Cultures that emphasize the needs and goals of the individual over the needs and goals of the group.
Magnetic Resonance Imaging (MRI)
A noninvasive imaging technique that produces highly detailed images of the body's structure and tissues, using electromagnetic signals generated by the body in response to magnetic field.
Any change that can be directly attributed to the independent or treatment variable after controlling for other possible influences.
A statistical technique that involves combining and analyzing the results of many research studies on a specific topic in order to identify specific trends.
A study investigating the effects of a naturally occurring event on the research participant.
The systematic observation and recording of behaviors as they occur in their natural setting.
A finding that two factors vary systematically in two different directions, one increasing as the other decreases.
The study of the nervous system, especially the brain.
A precise description of how the variables in a study will be manipulated or measured.
Any change attributed to a person's beliefs and expectations rather than an actual drug, treatment, or procedure; also called expectancy effect.
A fake substance, treatment, or procedure that has no direct effect.
A finding that two factors vary systematically in the same direction, increasing or decreasing together.
The study of positive emotions and physiological state, positive individual traits, and the social intuitions that foster positive individuals and communities.
Positron Emission Tomography (PET scan)
An invasive imaging technique that provides color-coded images of brain activity by tracking the brain's use of radioactivity tagged compound, such as glucose, oxygen, or a drug.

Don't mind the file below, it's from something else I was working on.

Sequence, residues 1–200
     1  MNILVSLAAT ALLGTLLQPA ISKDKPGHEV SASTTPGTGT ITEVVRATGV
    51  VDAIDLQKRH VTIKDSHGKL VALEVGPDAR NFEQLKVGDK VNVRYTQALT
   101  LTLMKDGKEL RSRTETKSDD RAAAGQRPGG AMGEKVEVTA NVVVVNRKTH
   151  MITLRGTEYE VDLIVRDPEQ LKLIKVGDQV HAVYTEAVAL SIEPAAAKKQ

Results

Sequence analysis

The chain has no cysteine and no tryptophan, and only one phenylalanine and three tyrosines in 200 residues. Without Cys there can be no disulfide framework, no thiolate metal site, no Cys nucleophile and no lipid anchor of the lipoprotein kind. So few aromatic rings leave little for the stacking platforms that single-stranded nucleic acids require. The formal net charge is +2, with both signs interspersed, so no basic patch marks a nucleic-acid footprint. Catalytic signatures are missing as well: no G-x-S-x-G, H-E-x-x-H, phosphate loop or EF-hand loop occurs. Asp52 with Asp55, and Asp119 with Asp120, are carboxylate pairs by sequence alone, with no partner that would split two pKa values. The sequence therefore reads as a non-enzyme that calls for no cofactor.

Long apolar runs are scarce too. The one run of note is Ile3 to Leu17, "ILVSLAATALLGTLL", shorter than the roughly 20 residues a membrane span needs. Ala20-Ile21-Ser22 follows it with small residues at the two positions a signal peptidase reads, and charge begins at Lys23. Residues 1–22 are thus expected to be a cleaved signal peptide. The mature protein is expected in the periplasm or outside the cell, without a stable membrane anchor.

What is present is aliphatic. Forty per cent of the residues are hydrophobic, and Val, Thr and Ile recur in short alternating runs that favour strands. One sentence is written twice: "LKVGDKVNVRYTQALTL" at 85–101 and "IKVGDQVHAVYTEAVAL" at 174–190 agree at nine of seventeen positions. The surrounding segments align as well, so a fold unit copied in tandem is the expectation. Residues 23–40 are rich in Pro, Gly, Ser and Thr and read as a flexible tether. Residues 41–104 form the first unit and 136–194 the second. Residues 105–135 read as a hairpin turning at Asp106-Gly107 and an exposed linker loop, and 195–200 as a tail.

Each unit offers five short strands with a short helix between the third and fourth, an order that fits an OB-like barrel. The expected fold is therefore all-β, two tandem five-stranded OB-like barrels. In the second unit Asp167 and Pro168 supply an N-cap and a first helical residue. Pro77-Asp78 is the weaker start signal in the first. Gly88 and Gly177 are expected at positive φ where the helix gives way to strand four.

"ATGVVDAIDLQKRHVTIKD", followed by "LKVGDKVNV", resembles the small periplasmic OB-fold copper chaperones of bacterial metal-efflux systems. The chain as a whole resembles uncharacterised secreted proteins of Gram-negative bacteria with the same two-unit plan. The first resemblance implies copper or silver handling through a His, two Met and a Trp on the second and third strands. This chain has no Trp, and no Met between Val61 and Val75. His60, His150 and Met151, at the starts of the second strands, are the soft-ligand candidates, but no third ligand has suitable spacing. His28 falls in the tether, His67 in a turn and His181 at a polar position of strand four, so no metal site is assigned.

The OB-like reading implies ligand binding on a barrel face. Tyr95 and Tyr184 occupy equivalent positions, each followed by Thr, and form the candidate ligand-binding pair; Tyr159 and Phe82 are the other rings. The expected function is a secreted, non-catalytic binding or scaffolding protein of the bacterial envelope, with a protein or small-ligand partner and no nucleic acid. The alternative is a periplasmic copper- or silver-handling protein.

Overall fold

Any change in performance that results from mere repetition of a task.
Fake or false science that makes claims based on little or no scientific evidence.
Medical specialty area focuses on the diagnosis, treatment, causes, and prevention of mental and behavioral disorders.
Personality theory and form of psychotherapy that emphasizes the role of unconscious factors in personality and behavior.
The scientific study of behavior and mental processes.
The process to assigning participants to experimental conditions so that all participants have an equal chance of being assigned to any of the conditions or groups in the study
Process in which subjects are selected randomly from a lager group such that every group member has an equal chance of being included in the study.
To repeat or duplicate a scientific study in order to increase confidence in the validity of the original findings.
A selected segment that vary closely parallels the larger population being studied on relevant characteristics.
A selected segment of the population used to represent the group being studied.
a set of assumptions, attitudes, and procedures that guide researchers in creating questions to investigate, in generating evidence, and in drawling conclusions.
A mathematical indication that research results are not very likely to have occurred by chance.
A branch of mathematics used by researchers to organize, summarize, and interpret data.
Early school of psychology that emphasized studying the most basic components, or structures, of conscious experiences.
A questionnaire or interview designed to investigate the options, behaviors, or characteristics of a particular group.
A tentative explanation that tries to integrate and account for the relationship of various findings and observations.
A factor that can vary, or change, in ways that can be observed, measured, and verified.